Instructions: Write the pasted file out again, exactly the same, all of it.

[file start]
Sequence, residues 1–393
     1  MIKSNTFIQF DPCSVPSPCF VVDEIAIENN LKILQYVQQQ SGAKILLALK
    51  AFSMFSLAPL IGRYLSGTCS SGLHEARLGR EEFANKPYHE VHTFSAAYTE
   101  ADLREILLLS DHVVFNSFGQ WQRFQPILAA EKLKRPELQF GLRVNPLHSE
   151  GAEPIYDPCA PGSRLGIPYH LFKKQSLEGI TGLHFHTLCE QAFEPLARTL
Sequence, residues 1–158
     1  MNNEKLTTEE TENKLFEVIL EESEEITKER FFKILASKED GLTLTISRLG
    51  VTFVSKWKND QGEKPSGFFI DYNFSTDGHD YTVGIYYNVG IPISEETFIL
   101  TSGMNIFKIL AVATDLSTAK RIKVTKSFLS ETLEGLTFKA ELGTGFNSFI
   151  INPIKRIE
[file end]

Sequence, residues 1–393
     1  MIKSNTFIQF DPCSVPSPCF VVDEIAIENN LKILQYVQQQ SGAKILLALK
    51  AFSMFSLAPL IGRYLSGTCS SGLHEARLGR EEFANKPYHE VHTFSAAYTE
   101  ADLREILLLS DHVVFNSFGQ WQRFQPILAA EKLKRPELQF GLRVNPLHSE
   151  GAEPIYDPCA PGSRLGIPYH LFKKQSLEGI TGLHFHTLCE QAFEPLARTL
Sequence, residues 1–158
     1  MNNEKLTTEE TENKLFEVIL EESEEITKER FFKILASKED GLTLTISRLG
    51  VTFVSKWKND QGEKPSGFFI DYNFSTDGHD YTVGIYYNVG IPISEETFIL
   101  TSGMNIFKIL AVATDLSTAK RIKVTKSFLS ETLEGLTFKA ELGTGFNSFI
   151  INPIKRIE